Web Services & Personalization A web service is a standardized way of integrating web-based applications. Organizations can share data transparently. Web services are the basic building blocks of the SOA (Service Oriented Architecture). They are excellent for integrating systems across organizational boundaries. Personalization is the “selective delivery of content and services to customers and prospective customers”. Can offer customized services to meet the past and future interests of customers.

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Topic:Benefits of E-Commerce Messaging and Information Distribution Infrastructure Second building block of supporting framework for e-commerce. Includes email, instant messaging, Voice over IP (VoIP), point-to-point file transfers (FTP), and groupware. E-mail is still largest use in this area. ISP (Internet Service Provider) connects the user to the Internet.

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Topic:Benefits of E-Commerce Multimedia content Third building block of supporting framework for e-commerce. Includes standards for various multimedia file types. Examples of materials transported in this way include: Video Audio Text/Electronic documents Graphics & Photos Realtime/Non-realtime applications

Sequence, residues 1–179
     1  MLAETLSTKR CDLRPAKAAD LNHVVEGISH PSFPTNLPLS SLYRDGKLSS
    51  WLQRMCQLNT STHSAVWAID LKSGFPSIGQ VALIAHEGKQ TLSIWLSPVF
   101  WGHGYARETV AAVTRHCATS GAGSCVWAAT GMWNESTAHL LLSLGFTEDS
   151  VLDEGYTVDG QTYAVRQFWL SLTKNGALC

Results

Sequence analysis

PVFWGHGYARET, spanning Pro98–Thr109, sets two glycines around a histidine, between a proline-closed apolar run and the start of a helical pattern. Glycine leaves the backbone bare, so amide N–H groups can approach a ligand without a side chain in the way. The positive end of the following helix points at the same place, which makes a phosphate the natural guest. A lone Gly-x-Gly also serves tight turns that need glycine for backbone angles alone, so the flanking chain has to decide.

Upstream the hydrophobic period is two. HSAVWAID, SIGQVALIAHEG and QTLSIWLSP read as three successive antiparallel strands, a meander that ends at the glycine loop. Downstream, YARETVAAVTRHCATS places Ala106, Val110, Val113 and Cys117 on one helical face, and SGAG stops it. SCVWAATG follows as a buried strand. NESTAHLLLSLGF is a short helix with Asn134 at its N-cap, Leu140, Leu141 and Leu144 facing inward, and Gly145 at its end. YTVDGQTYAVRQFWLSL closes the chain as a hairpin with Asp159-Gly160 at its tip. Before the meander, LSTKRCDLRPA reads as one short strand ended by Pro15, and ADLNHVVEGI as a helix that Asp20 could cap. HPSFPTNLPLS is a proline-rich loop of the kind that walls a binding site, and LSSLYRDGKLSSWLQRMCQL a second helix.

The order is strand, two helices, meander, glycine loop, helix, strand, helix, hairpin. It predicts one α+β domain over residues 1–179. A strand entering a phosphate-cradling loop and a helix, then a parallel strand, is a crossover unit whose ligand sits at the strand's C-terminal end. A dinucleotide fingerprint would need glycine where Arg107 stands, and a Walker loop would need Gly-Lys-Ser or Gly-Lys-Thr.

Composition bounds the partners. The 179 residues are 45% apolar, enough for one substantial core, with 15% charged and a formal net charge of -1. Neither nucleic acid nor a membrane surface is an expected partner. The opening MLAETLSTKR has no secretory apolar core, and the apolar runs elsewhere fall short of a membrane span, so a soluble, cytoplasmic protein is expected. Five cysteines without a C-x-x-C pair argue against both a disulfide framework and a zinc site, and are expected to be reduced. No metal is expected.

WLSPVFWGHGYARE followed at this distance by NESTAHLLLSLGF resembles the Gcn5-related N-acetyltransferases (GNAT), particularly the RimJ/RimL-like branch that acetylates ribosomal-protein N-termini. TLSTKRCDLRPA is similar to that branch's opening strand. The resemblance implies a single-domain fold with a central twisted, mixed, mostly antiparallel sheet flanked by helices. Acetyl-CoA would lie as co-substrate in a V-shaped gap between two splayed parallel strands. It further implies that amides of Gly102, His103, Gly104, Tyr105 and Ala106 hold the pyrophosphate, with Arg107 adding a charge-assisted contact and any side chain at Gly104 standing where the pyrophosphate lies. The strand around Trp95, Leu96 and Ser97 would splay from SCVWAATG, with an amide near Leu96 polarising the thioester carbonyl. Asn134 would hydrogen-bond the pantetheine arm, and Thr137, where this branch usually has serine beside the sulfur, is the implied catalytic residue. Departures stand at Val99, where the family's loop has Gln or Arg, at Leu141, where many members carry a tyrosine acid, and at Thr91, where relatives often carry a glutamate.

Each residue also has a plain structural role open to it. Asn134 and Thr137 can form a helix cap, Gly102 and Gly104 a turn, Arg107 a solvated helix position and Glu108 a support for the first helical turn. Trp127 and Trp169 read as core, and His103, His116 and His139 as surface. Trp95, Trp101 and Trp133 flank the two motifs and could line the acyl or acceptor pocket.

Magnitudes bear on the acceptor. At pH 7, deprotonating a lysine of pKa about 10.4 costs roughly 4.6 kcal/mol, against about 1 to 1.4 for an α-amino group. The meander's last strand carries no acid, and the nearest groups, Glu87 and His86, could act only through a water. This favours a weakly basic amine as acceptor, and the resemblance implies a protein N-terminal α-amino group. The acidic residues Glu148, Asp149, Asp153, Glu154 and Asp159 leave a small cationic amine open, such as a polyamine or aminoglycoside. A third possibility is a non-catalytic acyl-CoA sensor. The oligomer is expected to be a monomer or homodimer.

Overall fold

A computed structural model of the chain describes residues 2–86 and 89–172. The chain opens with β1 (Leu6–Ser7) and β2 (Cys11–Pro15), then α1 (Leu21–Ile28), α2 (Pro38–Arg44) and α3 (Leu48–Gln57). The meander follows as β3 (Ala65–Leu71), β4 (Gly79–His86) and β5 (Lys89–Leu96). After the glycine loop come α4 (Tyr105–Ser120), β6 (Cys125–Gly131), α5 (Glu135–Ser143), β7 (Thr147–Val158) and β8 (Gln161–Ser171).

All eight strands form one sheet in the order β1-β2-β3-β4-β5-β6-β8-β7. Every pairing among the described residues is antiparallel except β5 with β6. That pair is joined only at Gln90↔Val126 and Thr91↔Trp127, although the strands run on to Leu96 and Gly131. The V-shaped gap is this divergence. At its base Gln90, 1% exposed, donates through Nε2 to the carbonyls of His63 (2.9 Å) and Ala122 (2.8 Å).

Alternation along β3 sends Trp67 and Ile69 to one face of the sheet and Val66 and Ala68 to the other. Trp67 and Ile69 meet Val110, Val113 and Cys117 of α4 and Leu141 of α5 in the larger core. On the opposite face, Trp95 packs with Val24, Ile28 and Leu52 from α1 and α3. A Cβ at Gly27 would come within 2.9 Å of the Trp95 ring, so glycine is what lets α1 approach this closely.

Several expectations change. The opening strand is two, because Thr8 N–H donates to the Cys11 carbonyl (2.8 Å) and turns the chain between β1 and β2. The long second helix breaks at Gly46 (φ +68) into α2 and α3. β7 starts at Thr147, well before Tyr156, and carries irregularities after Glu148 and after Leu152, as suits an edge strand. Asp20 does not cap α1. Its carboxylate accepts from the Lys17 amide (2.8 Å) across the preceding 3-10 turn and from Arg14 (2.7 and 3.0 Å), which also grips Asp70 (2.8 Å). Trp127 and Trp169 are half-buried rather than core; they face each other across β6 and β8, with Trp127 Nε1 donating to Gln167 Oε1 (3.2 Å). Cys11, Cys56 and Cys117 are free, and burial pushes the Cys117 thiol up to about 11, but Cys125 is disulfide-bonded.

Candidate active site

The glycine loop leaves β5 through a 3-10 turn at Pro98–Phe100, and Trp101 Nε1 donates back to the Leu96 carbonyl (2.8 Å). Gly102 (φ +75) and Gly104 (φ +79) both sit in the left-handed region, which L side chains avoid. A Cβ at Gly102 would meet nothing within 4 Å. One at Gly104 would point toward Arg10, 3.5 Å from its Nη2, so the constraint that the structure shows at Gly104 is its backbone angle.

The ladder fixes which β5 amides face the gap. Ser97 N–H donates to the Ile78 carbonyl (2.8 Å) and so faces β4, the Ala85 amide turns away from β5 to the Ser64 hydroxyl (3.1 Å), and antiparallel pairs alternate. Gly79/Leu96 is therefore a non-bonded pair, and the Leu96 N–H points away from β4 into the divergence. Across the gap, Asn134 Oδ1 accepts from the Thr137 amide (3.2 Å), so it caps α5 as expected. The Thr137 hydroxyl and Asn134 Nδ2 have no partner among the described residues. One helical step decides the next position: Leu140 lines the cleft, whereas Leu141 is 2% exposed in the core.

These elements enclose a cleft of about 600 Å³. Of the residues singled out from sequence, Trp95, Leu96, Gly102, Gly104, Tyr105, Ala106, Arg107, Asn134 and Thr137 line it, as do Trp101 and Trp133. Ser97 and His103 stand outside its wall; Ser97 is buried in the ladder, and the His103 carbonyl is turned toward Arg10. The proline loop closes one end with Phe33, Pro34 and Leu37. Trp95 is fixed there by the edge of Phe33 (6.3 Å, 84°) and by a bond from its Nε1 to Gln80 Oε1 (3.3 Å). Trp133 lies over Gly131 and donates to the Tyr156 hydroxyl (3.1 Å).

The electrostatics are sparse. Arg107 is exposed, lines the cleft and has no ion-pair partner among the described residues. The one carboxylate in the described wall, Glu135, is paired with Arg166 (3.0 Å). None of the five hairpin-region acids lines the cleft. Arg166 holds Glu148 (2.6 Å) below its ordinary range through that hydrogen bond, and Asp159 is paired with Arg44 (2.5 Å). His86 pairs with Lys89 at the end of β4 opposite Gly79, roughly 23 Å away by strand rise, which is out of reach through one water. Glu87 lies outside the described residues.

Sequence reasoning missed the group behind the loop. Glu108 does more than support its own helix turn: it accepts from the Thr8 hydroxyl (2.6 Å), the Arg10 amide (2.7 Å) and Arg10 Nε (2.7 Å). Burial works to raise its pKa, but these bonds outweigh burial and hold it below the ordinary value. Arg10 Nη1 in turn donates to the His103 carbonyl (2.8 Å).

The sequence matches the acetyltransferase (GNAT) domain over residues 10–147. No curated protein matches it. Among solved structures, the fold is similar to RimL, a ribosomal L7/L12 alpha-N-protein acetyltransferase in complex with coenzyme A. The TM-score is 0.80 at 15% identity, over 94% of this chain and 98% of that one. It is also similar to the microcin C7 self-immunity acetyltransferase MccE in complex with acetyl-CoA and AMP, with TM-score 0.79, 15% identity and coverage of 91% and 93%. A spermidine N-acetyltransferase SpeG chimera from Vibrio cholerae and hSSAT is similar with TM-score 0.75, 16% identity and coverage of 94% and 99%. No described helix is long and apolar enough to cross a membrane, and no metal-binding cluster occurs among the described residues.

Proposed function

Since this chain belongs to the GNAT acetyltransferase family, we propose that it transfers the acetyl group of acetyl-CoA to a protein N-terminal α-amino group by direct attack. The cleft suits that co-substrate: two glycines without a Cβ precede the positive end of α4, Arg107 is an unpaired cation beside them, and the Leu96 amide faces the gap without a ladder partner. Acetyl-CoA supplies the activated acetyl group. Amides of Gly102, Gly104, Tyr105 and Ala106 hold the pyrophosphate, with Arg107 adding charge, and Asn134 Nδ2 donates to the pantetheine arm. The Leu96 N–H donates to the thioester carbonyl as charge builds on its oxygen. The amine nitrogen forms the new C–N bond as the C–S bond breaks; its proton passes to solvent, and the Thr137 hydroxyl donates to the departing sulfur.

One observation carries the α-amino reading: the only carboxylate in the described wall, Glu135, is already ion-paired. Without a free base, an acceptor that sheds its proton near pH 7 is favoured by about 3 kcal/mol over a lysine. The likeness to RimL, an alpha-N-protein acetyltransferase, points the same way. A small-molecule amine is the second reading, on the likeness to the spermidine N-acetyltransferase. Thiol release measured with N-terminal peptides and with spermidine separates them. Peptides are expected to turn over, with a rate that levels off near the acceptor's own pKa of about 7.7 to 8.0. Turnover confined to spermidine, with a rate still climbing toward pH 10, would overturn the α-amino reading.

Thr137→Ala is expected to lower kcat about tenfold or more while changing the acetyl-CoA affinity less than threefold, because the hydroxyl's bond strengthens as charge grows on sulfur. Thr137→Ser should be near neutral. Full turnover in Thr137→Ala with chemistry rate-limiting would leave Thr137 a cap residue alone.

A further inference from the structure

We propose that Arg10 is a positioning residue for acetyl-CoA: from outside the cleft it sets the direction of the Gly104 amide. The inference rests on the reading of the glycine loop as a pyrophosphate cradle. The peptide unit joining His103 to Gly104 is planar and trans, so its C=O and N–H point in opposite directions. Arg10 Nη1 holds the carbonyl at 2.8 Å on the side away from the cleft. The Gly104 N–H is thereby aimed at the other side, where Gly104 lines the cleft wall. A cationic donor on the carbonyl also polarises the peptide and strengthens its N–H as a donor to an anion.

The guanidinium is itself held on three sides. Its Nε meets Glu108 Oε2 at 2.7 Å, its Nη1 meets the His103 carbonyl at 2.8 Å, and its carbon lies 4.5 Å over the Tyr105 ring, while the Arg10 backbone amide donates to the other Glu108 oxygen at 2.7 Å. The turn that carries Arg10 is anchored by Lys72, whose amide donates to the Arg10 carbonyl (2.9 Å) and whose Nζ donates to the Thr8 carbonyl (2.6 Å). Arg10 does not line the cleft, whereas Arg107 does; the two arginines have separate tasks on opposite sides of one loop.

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Topic:Benefits of E-Commerce Network Publishing Infrastructure Fourth building block of supporting framework for e-commerce. Includes data communications circuits over which information travels. Includes: Packet-switched networking (telephony is circuit-switched) Packets contain overhead information including addressing They are also routed, like mail All of this flows across Internet backbones Newer Internet access technologies include wireless access, cable access and DSL.

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Topic:Benefits of E-Commerce Public Policy Public policy is one of two supporting pillars for e-commerce. Public policy issues include: universal access, privacy, information pricing, information access. Privacy issues include what information is private and/or who should have the right to use/sell information about Internet users: Requesting personal information on visiting a web site Creating customer profiles Leaving electronic footprints when visiting a web site

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Topic:Benefits of E-Commerce Technical Standards Standardization is the second supporting pillar for e-Commerce. Standards are critical for electronic interaction. Secure Electronic Transaction (SET) for secure payments of online credit card transactions is one of the most heavily promoted standards Other application standards include file transfer protocol (FTP), hypertext transfer protocol (HTTP), simple network management protocol (SNMP), post office protocol (POP), and multimedia internet mail extensions (MIME)